Life as a vegan athlete
"So, what makes a plant-based diet any better for athletes than other diets?"
"If we were meant to be vegan, why do vegans need B12 supplements?"
"And isn’t it hard to get enough protein?"
As you can imagine, with a blog (and soon, a book) called No Meat Athlete, I get questions like these a lot.
That catch I mentioned? I don't think there's any single diet we were "meant" to eat.
Instead, what our bodies are meant to be able to do - and by “meant,” I mean “evolved” - is thrive on an astounding variety of diets. It wouldn't be uncommon at all to look at the top three finishers of a marathon or 100-mile ultramarathon and find - in no particular order - a vegan, a Fruitarian, and a Paleo. (Now if we could only get them to walk into a bar, we’d have the start of a good joke.)
My aim with this post isn’t to argue that a plant-based diet is the best one for all athletes. Instead, I simply want to convey that it works for athletes, so that if you're curious, you can give a plant-based diet a try and make your own judgments based on your energy levels and performance. The results will vary across athletes and sports, but you can rest assured that you're not going to collapse at mile 20 of your marathon because you ran out of protein.
And protein, the most commonly perceived hurdle when it comes to being a plant-based athlete, is what I'll focus on in this post.
"Where do you get your protein?"
Without a doubt, this is the big question, the one everyone asks when they find out you're a vegan - especially a vegan ultrarunner.
But believe it or not, getting enough protein on a plant-based diet just isn't that big a deal.
First, we don't need nearly as much protein as many people think. The USDA recommends that people get 0.8 grams of protein for every kilogram of bodyweight (0.36 grams per pound) each day. A 150-pound person, for example, should shoot for 50 to 60 grams of protein per day.
"But wait a minute ... as athletes, don't we need more protein than sedentary people?"
Sure. But as registered dietitian Matt Ruscigno points out in an article on vegetarian protein, athletes also need more carbohydrate and fat (and hence more total calories) than sedentary people do. So if we're getting a fixed percentage of our calories from protein - 10 to 15 percent is a good range; Chris Carmichael recommends 13 percent in his book Food for Fitness - then as we increase our total calories, our protein intake should increase right along with it.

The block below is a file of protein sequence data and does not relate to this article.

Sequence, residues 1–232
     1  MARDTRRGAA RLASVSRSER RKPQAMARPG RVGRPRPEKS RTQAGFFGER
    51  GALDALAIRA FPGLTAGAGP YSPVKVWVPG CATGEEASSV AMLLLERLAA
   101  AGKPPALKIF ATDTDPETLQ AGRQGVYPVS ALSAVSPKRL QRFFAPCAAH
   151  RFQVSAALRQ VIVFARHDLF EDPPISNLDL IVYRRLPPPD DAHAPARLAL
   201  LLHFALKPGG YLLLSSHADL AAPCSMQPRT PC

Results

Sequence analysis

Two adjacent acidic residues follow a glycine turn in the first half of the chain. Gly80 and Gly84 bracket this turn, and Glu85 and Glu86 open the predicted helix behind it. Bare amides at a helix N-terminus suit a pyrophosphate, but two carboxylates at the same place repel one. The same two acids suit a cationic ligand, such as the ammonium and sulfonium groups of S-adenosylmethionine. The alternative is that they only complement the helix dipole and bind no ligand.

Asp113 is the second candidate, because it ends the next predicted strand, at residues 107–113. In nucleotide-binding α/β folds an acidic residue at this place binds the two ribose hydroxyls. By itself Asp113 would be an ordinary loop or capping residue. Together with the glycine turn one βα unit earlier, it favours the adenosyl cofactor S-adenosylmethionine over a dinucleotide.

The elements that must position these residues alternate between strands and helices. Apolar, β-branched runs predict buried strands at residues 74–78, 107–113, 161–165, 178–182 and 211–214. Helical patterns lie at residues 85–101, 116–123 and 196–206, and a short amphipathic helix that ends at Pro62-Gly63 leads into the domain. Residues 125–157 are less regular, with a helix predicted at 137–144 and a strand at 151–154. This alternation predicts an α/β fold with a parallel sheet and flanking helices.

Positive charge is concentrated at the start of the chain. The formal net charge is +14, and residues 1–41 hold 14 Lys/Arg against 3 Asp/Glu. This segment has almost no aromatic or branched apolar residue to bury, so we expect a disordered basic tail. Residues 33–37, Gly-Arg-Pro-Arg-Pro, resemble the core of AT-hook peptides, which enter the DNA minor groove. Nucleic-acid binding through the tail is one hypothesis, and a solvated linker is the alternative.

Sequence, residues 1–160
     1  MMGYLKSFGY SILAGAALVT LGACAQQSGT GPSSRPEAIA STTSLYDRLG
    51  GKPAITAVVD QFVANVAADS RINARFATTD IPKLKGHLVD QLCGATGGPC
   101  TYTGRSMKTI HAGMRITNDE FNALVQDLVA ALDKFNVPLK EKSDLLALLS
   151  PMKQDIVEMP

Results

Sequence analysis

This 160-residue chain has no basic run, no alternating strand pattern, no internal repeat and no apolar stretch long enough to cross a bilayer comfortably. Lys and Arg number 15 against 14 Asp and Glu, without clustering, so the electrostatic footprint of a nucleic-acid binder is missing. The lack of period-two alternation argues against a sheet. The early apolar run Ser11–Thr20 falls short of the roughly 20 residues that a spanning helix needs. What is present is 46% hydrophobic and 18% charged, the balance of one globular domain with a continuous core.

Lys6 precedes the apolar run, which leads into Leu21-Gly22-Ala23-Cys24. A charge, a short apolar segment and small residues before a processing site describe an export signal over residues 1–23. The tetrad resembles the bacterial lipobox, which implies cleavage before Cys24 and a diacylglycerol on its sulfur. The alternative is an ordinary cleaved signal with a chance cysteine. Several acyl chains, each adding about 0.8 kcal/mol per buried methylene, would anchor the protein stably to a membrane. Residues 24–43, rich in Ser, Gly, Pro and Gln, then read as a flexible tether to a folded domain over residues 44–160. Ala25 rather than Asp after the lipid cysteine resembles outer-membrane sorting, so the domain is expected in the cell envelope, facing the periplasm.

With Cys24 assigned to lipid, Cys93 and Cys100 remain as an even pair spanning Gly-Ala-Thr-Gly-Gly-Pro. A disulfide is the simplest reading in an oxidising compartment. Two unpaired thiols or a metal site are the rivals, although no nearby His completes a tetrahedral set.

Ruscigno recommends that his vegan athlete clients get 1 to 1.2 grams of protein per kilogram (about 0.45 to 0.55 grams per pound) of protein each day. By this measure, our 150-pound athlete should get 67.5 to 82.5 grams of protein each day - not nearly the amount we tend to assume we need. Back when I used to lift a lot of weights (and long before I was vegan), I would often get that much protein in a single post-workout recovery shake! Little did I know what a waste of effort and money - not to mention how potentially unhealthy - it was to take in so much excess protein.
Once you accept that you don't need massive amounts of protein, it's really not that hard to get what you do need on a plant-based diet. Looking at percentages of calories from protein, even foods that are traditionally thought of as carbohydrate sources, like whole-grain pasta, quinoa, and many green vegetables, have 13 percent or more of their calories coming from protein. But there are plenty of plant foods that are considered protein-rich staples, such as:
- Lentils, beans, and other legumes
- Nuts, seeds, and nut butters
- Minimally processed soy products, like tofu and tempeh
- Seitan, if you don't have a gluten sensitivity
- Plant-based protein powders
My strategy for getting adequate protein is simple: rather than focusing on numbers, I make sure to include at least one good source of protein in every meal or snack I eat throughout the day. This could mean spreading almond butter on a bagel, adding beans to a salad, putting a scoop of hemp/rice/pea protein powder in my morning smoothie, or snacking on vegetables dipped in hummus. And if we're having pasta for dinner, we'll almost always choose a recipe that incorporates beans (which many traditional Italian ones do, actually).
The common thread among all healthy diets
If there's a single guideline to making sure your plant-based diet supports your athletic goals, without making diet the focus of your entire life, it's this: Eat a wide variety of whole foods.
By constantly seeking out variety in your diet, you'll be safeguarding yourself against deficiency in any one nutrient or mineral. And by focusing on whole foods above all else, you'll be sure not to become a "junk food vegan" who eats nothing but processed carbohydrates. That type of nutritionally devoid diet - which unfortunately has become misconceived in much of mainstream culture as the "typical" vegan diet - wouldn't work for any athlete, vegan or not.
The interesting thing is that when you base your diet on whole foods - whether you choose to eat vegan, Paleo, or somewhere in between - your choice to fuel yourself principally with food that doesn't come in a wrapper puts you squarely in a tiny minority of the developed world. So when we talk about diets like vegan and Paleo, although we tend to focus on their differences, we've actually got quite a lot in common in our choice to eat whole foods, in comparison with so much of the Western world who lives on processed foods.
When you look at it this way, seeing athletes with seemingly opposite diets sharing the same podium - while a testament to the remarkable adaptability of human body - isn't so shocking at all.
Matt Frazier is a vegan marathoner and ultrarunner who is currently training for his first 100-miler. Learn more at his vegan running blog, No Meat Athlete, where he offers a free e-course on the plant-based diet for athletes.
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